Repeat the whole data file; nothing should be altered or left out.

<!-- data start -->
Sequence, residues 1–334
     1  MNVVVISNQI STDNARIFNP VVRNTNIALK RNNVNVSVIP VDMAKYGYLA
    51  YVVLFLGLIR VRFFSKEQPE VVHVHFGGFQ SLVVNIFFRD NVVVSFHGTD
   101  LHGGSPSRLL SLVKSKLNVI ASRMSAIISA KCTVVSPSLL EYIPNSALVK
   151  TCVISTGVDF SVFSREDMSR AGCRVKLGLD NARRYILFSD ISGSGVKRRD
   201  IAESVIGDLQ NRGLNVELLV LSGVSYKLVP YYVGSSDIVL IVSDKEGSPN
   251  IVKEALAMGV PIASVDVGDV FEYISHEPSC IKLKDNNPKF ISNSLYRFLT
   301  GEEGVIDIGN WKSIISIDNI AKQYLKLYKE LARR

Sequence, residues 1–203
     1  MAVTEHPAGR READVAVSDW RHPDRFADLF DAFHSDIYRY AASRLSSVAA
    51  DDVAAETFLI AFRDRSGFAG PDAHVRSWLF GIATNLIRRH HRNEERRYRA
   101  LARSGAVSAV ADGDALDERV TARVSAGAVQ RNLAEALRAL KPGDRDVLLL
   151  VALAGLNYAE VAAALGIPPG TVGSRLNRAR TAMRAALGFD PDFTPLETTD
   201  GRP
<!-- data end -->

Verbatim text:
Sequence, residues 1–334
     1  MNVVVISNQI STDNARIFNP VVRNTNIALK RNNVNVSVIP VDMAKYGYLA
    51  YVVLFLGLIR VRFFSKEQPE VVHVHFGGFQ SLVVNIFFRD NVVVSFHGTD
   101  LHGGSPSRLL SLVKSKLNVI ASRMSAIISA KCTVVSPSLL EYIPNSALVK
   151  TCVISTGVDF SVFSREDMSR AGCRVKLGLD NARRYILFSD ISGSGVKRRD
   201  IAESVIGDLQ NRGLNVELLV LSGVSYKLVP YYVGSSDIVL IVSDKEGSPN
   251  IVKEALAMGV PIASVDVGDV FEYISHEPSC IKLKDNNPKF ISNSLYRFLT
   301  GEEGVIDIGN WKSIISIDNI AKQYLKLYKE LARR

Sequence, residues 1–203
     1  MAVTEHPAGR READVAVSDW RHPDRFADLF DAFHSDIYRY AASRLSSVAA
    51  DDVAAETFLI AFRDRSGFAG PDAHVRSWLF GIATNLIRRH HRNEERRYRA
   101  LARSGAVSAV ADGDALDERV TARVSAGAVQ RNLAEALRAL KPGDRDVLLL
   151  VALAGLNYAE VAAALGIPPG TVGSRLNRAR TAMRAALGFD PDFTPLETTD
   201  GRP